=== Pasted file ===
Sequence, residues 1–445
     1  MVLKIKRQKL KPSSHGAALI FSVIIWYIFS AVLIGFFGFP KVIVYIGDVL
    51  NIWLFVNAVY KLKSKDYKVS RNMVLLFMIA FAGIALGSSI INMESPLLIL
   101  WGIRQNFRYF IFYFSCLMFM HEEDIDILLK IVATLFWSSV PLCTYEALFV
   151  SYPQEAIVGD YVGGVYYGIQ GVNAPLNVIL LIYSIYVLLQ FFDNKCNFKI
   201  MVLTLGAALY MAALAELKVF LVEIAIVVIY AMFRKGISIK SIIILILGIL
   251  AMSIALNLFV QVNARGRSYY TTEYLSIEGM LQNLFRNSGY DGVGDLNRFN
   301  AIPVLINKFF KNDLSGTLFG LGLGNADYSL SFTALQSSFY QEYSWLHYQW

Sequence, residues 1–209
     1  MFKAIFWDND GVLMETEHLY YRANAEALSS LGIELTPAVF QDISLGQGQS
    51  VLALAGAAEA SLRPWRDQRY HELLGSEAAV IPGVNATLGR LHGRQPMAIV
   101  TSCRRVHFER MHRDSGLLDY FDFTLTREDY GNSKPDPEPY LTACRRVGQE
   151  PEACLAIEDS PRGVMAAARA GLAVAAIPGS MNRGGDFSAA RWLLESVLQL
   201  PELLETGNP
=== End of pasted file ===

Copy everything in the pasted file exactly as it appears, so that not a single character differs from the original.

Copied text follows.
Sequence, residues 1–445
     1  MVLKIKRQKL KPSSHGAALI FSVIIWYIFS AVLIGFFGFP KVIVYIGDVL
    51  NIWLFVNAVY KLKSKDYKVS RNMVLLFMIA FAGIALGSSI INMESPLLIL
   101  WGIRQNFRYF IFYFSCLMFM HEEDIDILLK IVATLFWSSV PLCTYEALFV
   151  SYPQEAIVGD YVGGVYYGIQ GVNAPLNVIL LIYSIYVLLQ FFDNKCNFKI
   201  MVLTLGAALY MAALAELKVF LVEIAIVVIY AMFRKGISIK SIIILILGIL
   251  AMSIALNLFV QVNARGRSYY TTEYLSIEGM LQNLFRNSGY DGVGDLNRFN
   301  AIPVLINKFF KNDLSGTLFG LGLGNADYSL SFTALQSSFY QEYSWLHYQW

Sequence, residues 1–209
     1  MFKAIFWDND GVLMETEHLY YRANAEALSS LGIELTPAVF QDISLGQGQS
    51  VLALAGAAEA SLRPWRDQRY HELLGSEAAV IPGVNATLGR LHGRQPMAIV
   101  TSCRRVHFER MHRDSGLLDY FDFTLTREDY GNSKPDPEPY LTACRRVGQE
   151  PEACLAIEDS PRGVMAAARA GLAVAAIPGS MNRGGDFSAA RWLLESVLQL
   201  PELLETGNP